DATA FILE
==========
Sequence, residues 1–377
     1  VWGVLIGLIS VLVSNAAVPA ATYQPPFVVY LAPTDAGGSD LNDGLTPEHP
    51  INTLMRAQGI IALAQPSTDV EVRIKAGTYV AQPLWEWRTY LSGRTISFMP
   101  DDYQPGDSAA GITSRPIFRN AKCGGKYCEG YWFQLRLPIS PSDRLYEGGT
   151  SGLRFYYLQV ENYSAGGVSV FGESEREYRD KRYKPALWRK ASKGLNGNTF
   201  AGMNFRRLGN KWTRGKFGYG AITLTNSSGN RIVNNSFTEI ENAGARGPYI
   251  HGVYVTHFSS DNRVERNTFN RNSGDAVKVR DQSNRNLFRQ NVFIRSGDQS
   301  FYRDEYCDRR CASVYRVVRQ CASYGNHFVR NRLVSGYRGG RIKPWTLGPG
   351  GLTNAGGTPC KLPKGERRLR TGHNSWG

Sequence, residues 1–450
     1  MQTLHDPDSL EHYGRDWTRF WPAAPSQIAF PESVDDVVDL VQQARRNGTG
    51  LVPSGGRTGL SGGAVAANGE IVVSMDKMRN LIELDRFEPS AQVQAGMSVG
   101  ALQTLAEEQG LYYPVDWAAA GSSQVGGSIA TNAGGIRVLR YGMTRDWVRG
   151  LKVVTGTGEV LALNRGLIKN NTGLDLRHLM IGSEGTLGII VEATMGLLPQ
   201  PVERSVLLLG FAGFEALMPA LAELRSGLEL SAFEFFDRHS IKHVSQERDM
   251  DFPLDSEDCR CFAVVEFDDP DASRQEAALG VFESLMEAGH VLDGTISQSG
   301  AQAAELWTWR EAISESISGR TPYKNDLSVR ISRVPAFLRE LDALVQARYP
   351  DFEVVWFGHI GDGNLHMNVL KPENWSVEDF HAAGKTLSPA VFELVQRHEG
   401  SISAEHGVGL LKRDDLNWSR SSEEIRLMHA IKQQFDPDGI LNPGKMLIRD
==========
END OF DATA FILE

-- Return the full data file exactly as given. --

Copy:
Sequence, residues 1–377
     1  VWGVLIGLIS VLVSNAAVPA ATYQPPFVVY LAPTDAGGSD LNDGLTPEHP
    51  INTLMRAQGI IALAQPSTDV EVRIKAGTYV AQPLWEWRTY LSGRTISFMP
   101  DDYQPGDSAA GITSRPIFRN AKCGGKYCEG YWFQLRLPIS PSDRLYEGGT
   151  SGLRFYYLQV ENYSAGGVSV FGESEREYRD KRYKPALWRK ASKGLNGNTF
   201  AGMNFRRLGN KWTRGKFGYG AITLTNSSGN RIVNNSFTEI ENAGARGPYI
   251  HGVYVTHFSS DNRVERNTFN RNSGDAVKVR DQSNRNLFRQ NVFIRSGDQS
   301  FYRDEYCDRR CASVYRVVRQ CASYGNHFVR NRLVSGYRGG RIKPWTLGPG
   351  GLTNAGGTPC KLPKGERRLR TGHNSWG

Sequence, residues 1–450
     1  MQTLHDPDSL EHYGRDWTRF WPAAPSQIAF PESVDDVVDL VQQARRNGTG
    51  LVPSGGRTGL SGGAVAANGE IVVSMDKMRN LIELDRFEPS AQVQAGMSVG
   101  ALQTLAEEQG LYYPVDWAAA GSSQVGGSIA TNAGGIRVLR YGMTRDWVRG
   151  LKVVTGTGEV LALNRGLIKN NTGLDLRHLM IGSEGTLGII VEATMGLLPQ
   201  PVERSVLLLG FAGFEALMPA LAELRSGLEL SAFEFFDRHS IKHVSQERDM
   251  DFPLDSEDCR CFAVVEFDDP DASRQEAALG VFESLMEAGH VLDGTISQSG
   301  AQAAELWTWR EAISESISGR TPYKNDLSVR ISRVPAFLRE LDALVQARYP
   351  DFEVVWFGHI GDGNLHMNVL KPENWSVEDF HAAGKTLSPA VFELVQRHEG
   401  SISAEHGVGL LKRDDLNWSR SSEEIRLMHA IKQQFDPDGI LNPGKMLIRD